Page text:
So when public relations power Edelman named Ross its chief executive of U.S. operations in April, making her the first Black woman to lead a PR operation of that scale, she approached that national role with a perspective shaped by her Washingtonian origins.
“My world has always been more representative than probably that of other CEOs,” Ross says. “From an early age, the schools that I went to were predominantly White schools, but I lived in Black neighborhoods. My family is multicultural — my husband is White, my children are biracial. But my Blackness is something that I walk into proudly in every room. It’s a strong part of who I am, and it’s how I see myself. Being a D.C. native, and everything that I’ve learned and everything that I am, is rooted in this experience.”
On Ross’s perfect day in the District, faith, family and food loom large as she strolls the city with a nostalgia-driven itinerary.
I would spend my dream day retracing parts of my life in the District, so my morning would start with mass at St. Augustine. Because I am not much of a coffee drinker, my next stop would be for an Earl Grey at Teaism in Dupont Circle.
Then I would feel the need for some exercise. My first, second and third houses in D.C. with my family were very close to Rock Creek Park, so I would take a scenic walk through the park along Beach Drive. If I had the time and energy, I’d go all the way up to Candy Cane City [the playground in Meadowbrook Local Park], which was an area that we used to take our kids to when they were little, and an area that my parents use to take me to.
In the afternoon, I would go walk Howard University’s campus — it is one of the most beautiful campuses in a city setting — and pay homage to my parents and to my Alpha Kappa Alpha sorority. Next, I love to eat, and sometimes I like to eat food that may not be great for me, so I would grab lunch at the Florida Avenue Grill and order pork chops, collard greens and a small side of mac and cheese.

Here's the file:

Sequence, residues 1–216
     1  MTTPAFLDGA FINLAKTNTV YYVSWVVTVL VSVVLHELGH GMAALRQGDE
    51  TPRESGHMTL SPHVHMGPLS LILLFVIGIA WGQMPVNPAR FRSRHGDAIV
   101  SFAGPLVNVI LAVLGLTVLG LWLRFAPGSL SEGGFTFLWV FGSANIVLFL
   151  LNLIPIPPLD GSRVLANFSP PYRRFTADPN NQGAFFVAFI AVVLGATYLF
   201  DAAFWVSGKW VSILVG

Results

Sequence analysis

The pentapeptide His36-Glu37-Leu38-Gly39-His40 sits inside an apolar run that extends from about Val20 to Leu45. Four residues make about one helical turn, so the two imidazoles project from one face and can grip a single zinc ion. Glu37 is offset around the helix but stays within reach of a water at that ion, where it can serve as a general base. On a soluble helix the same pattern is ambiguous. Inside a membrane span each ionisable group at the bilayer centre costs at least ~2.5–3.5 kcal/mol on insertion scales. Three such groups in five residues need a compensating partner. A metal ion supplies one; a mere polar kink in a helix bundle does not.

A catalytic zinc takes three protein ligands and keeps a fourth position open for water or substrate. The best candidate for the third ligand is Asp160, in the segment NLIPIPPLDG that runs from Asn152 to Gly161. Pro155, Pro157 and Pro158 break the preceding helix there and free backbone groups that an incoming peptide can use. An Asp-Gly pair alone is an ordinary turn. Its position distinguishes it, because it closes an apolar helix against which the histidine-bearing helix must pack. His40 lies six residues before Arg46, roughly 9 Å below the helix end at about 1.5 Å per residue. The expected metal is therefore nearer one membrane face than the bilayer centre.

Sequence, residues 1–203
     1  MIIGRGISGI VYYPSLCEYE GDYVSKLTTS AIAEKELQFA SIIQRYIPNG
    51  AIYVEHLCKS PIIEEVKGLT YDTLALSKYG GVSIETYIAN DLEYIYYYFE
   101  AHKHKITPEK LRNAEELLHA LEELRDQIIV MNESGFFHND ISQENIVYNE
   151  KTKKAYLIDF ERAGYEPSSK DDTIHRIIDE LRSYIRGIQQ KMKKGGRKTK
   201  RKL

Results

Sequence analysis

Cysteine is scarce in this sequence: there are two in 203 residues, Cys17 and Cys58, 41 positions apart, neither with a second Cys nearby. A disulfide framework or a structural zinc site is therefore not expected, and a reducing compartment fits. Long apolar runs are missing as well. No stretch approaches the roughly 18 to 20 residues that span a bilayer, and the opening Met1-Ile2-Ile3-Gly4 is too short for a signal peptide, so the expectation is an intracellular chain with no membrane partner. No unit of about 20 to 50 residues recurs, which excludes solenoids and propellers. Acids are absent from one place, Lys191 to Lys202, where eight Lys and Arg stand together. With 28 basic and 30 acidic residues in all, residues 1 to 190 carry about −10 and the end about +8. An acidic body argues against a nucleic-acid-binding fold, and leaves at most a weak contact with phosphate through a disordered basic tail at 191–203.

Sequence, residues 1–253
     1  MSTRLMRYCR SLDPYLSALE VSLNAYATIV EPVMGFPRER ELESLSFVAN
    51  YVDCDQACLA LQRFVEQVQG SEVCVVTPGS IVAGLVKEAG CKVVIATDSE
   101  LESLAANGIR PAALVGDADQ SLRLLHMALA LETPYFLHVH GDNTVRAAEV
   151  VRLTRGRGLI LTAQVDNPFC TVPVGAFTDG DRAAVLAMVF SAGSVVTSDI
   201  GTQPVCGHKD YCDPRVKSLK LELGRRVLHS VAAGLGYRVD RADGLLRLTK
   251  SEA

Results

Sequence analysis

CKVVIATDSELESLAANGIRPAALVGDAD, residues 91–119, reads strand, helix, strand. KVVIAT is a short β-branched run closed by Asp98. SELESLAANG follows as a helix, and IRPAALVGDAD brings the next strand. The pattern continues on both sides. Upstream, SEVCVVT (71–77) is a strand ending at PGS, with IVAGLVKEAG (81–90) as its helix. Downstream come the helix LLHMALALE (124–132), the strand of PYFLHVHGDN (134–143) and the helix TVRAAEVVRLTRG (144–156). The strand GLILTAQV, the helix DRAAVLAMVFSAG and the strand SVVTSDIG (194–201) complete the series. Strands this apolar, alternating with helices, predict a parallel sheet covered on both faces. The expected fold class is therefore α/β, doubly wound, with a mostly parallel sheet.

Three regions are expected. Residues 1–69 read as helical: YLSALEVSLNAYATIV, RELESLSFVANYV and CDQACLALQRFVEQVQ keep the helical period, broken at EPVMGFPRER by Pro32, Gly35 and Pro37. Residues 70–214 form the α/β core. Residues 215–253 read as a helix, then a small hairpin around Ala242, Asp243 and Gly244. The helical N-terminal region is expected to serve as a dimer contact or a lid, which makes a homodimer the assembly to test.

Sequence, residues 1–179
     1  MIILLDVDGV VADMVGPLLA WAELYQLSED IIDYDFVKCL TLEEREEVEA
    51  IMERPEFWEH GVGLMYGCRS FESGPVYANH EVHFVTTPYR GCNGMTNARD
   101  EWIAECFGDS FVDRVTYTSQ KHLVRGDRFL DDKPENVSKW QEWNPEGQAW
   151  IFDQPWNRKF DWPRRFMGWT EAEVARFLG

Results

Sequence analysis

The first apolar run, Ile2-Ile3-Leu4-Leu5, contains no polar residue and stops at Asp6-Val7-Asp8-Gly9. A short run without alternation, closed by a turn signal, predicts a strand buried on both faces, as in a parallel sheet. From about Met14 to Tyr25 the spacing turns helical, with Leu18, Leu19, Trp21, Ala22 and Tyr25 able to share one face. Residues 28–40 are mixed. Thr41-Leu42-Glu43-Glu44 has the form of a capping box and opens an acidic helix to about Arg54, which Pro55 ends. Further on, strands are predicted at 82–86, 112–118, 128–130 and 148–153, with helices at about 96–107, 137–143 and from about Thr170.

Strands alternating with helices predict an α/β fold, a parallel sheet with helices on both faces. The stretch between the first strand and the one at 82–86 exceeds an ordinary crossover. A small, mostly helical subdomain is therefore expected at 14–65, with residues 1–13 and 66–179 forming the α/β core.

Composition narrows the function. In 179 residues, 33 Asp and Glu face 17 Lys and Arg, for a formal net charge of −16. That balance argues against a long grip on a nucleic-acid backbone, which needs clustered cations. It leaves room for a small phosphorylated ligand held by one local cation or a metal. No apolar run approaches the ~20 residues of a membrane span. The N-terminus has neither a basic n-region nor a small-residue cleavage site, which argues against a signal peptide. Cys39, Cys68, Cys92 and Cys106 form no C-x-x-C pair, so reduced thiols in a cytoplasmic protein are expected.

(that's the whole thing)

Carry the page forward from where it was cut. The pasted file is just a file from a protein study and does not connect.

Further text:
Then I would continue on memory lane to the 14th Street corridor and stop by the John Wesley AME Zion Church. My grandfather was an [African Methodist Episcopal] minister, and my mom brought him there in his final days and they made him an honorary pastor. I’d look at the stained glass there, and get into the church to say a prayer if I can. My next stop would be an hour or two — or three — at GoodWood. They used to just sell antique furniture, but now they’ve got clothing, art, home accessories, etc., and the owners, Anna and Dan Kahoe, are lovely people that we’ve gotten to know over the past 20 years.
As we get into the early evening, I would go to Lafayette Square — when I worked in the Clinton administration, my office was in one of those townhouses that overlooked the park. While there, I would also go over to Black Lives Matter Plaza. After that, I would walk over to the Hay-Adams — that’s where my wedding reception was held 33 years ago — meet with some of my girlfriends and have a professional tea, which would include some champagne. I would also try to catch the sunset at the National Mall by the Vietnam Veterans Memorial, and hang out down there, do some meditating and clear my head a little bit.
Then I’d meet my husband, Jeff, my daughter, Claire, and my brother Peter, for dinner at Jônt — it just got two Michelin stars and my son, Christian, is the sous chef there. I would sit down and let Christian say, “This is what I would do today,” and let them start. It is a remarkable, remarkable dining experience. Then, if it’s not too late, I might end the evening at the Vegas Lounge, which was a favorite of my husband and I’s when we were dating.
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